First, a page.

Differentiated thyroid cancer (DTC) is the most frequent endocrine malignancy and represents the most rapidly increasing cancer diagnosis worldwide. In the last 20 years, this increase has been mostly due to a higher detection of small papillary thyroid cancers, with doubtful effects on patients' outcome. In fact, despite this growth, cancer-related death remained stable over the years. The growing detection of microcarcinomas associated to the indolent behavior of these cancers led to the development of strategies of active surveillance in selected centers of different countries. Moreover, toward a more personalized approach in the management of DTC patients, surgical treatments became more conservative, favoring less extensive options in patients at low risk of recurrence. The rise in lobectomy in low-risk cases and the need to avoid further therapies, with controversial impact on recurrences and cancer-related death in selected intermediate risk cases, led to reconsider the use of radioiodine treatment, too. Since clinicians aim to treat different patients with different modalities, the cornerstone of DTC follow-up (i.e., thyroglobulin, thyroglobulin autoantibodies, and neck ultrasound) should be interpreted consistently with this change of paradigm. The introduction of novel molecular target therapies (i.e., tyrosine kinase inhibitors), as well as a better understanding of the mechanisms of immune checkpoint inhibitor therapies, is radically changing the management of patients with advanced DTC, in whom no treatment option was available. The aim of this review is to analyze the most recent developments of the management of DTC, focusing on several key issues: active surveillance strategies, initial treatment, dynamic risk re-stratification, and therapeutic options in advanced DTC.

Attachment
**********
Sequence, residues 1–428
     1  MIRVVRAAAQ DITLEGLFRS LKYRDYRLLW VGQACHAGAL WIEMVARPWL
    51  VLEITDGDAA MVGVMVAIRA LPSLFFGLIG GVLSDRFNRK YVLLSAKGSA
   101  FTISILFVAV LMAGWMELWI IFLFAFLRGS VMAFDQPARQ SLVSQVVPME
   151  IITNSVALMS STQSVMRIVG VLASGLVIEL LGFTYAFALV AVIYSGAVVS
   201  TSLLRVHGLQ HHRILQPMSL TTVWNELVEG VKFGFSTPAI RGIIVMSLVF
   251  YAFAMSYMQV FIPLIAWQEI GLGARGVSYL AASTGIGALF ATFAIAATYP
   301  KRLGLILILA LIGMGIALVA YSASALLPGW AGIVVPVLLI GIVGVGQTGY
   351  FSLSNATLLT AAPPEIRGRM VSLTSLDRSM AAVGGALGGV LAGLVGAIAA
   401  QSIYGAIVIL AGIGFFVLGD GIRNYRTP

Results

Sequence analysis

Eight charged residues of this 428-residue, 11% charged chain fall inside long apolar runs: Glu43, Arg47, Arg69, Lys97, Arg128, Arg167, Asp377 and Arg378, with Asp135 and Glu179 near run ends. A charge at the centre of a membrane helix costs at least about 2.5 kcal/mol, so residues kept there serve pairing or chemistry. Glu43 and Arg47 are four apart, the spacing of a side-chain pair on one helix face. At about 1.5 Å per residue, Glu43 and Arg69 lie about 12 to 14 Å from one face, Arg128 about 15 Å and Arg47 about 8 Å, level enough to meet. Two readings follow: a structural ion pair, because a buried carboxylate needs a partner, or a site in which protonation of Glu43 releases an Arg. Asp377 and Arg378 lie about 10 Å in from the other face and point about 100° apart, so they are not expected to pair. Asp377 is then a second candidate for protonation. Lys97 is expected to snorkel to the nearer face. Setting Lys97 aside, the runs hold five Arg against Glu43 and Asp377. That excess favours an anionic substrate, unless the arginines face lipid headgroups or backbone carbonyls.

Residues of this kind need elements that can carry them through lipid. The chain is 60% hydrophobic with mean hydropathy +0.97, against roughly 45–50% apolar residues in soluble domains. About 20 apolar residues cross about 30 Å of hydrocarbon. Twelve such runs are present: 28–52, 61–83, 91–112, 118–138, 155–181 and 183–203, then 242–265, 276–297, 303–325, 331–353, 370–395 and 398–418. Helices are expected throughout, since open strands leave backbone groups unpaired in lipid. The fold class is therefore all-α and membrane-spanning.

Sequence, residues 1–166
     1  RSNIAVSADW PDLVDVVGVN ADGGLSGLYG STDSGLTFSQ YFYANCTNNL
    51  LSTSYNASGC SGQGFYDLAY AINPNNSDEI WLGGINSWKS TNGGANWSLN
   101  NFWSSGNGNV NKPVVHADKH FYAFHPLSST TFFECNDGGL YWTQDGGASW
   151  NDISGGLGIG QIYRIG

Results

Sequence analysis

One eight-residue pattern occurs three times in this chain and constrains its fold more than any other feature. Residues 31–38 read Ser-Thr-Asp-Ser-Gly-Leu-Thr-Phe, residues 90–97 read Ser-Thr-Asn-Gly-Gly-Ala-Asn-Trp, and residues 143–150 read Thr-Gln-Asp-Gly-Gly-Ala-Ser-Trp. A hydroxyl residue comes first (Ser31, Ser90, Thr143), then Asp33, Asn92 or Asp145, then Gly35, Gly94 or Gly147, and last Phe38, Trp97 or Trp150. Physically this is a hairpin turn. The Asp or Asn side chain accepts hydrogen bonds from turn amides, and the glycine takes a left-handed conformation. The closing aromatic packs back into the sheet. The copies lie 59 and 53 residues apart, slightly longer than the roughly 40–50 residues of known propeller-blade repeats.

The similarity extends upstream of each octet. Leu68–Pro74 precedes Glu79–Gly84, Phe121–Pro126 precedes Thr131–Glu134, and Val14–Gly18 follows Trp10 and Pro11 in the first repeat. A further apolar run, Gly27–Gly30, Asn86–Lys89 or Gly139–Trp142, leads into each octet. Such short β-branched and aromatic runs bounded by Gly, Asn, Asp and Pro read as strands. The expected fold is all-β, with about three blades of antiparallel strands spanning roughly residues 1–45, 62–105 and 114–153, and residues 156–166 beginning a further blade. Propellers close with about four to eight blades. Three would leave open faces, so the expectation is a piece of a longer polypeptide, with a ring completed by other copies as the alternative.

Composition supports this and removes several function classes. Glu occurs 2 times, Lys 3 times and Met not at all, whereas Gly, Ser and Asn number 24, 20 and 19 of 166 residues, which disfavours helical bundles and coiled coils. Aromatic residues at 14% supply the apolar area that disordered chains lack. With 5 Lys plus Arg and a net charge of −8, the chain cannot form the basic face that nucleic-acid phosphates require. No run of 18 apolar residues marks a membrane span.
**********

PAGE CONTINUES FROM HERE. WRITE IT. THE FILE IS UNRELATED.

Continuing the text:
- active surveillance
- differentiated thyroid cancer
- dynamic risk stratification
- radioiodine (I) treatment
- tirosine kinase inhibitors
ASJC Scopus subject areas
- Endocrinology, Diabetes and Metabolism